Thank you for taking the time to browse my profile. I am here to help you write your personal statement for college admissions.
My teaching methods are based on my being your guide rather than your instructor. Often, we can feel overwhelmed and anxious by writing. I am here to help you navigate the writing process to organize your thoughts and express them with clarity. I have taught college and high school level writing with an emphasis on the personal narrative. I am a professional writer and editor with a passion for teaching writing and shaping minds.
I am a graduate of the Iowa Writers' Workshop and the University of Southern California. I have taught writing at the University of Iowa, Antioch College, and Madison College. I tutored in South Korea and through the nonprofit foundation 826LA. I am a professional writer and editor with a passion for teaching writing and shaping minds.
Education & Certification
Undergraduate Degree: University of Southern California - Bachelors, English (Honors)
Graduate Degree: University of Iowa Iowa Writers Workshop - Masters, English
Meditation, yoga, arts, cooking.
Q & A
What is your teaching philosophy?
I believe writing is not taught, but rather guided.
What might you do in a typical first session with a student?
1. We will get to know each other. 2. I will ask you what your goals are, and how much preparation or prior knowledge you have. We will walk through a rough game plan on how to accomplish your goals. 3. I will have you complete a one-page writing sample.
How can you help a student become an independent learner?
As a teacher, you must show the student how to be an independent learner. You may begin a course with instruction to teach by example, and eventually provide handouts or questions that increasingly ask students more of their thoughts, experiences, and opinions. The progression of work can lead to becoming more open-ended for students to gain agency on becoming independent learners themselves.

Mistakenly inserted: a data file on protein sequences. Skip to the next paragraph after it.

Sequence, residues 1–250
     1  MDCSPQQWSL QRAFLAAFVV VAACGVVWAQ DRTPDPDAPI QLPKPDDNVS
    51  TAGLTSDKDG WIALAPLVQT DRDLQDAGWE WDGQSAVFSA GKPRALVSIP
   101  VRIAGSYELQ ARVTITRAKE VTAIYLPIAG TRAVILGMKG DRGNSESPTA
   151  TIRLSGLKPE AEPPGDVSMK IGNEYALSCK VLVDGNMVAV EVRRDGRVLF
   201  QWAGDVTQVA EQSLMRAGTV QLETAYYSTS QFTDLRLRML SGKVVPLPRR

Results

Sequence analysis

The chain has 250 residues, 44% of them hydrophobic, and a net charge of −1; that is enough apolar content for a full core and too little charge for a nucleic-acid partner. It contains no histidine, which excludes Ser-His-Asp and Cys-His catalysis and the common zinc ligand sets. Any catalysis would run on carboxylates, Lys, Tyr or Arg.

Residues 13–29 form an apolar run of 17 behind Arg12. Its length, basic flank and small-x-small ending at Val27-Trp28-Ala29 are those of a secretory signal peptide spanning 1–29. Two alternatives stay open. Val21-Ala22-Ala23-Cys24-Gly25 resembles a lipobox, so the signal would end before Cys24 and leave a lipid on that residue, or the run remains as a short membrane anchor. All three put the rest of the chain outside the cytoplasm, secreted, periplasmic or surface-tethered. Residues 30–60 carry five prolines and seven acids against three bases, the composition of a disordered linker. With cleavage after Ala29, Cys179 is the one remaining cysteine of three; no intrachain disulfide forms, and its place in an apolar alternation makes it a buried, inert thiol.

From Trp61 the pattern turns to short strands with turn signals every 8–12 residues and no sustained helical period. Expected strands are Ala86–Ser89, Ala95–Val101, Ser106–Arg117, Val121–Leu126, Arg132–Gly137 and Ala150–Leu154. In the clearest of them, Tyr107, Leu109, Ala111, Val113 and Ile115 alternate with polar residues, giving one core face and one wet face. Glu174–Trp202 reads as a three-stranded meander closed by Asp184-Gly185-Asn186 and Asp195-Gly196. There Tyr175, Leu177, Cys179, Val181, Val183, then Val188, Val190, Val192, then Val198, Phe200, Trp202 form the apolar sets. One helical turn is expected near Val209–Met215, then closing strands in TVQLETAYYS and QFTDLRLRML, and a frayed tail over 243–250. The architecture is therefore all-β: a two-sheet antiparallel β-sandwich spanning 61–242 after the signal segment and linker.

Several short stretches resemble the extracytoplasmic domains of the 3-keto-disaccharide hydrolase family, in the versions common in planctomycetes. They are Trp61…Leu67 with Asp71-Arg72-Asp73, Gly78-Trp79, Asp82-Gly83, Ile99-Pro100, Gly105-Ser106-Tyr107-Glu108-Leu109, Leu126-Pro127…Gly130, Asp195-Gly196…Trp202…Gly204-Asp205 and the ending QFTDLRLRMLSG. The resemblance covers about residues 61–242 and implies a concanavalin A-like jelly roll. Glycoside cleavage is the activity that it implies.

How would you help a student stay motivated?
1. Checking in with the student. 2. Checking in with the content or work to see if they understand what is being taught, and if it’s manageable for them.
If a student has difficulty learning a skill or concept, what would you do?
1. Relax the atmosphere and situation by sitting with them and chatting about how they are feeling. 2. Ask them what their question is/where they are confused. 3. Work through their question by referencing a base concept and working again through the process.
How do you help students who are struggling with reading comprehension?
1. Break down the passage into manageable sections. 2. In smaller sections, I would ask the student to summarize the main idea in her own words.
What strategies have you found to be most successful when you start to work with a student?
1. The container of the learning environment must be very steady, clear, and professional. This includes the schedule, starting/ending times, class routine, deadlines and expectations. 2. When the perimeter is fair and well understood by both parties, there is spaciousness within the student-teacher relationship to engage in an authentic and personable way.
How would you help a student get excited/engaged with a subject that they are struggling in?
In writing, I emphasize that the students should write what they care about and are naturally interested in. I ask them to make personal connections to a topic and I ask them questions about their lives.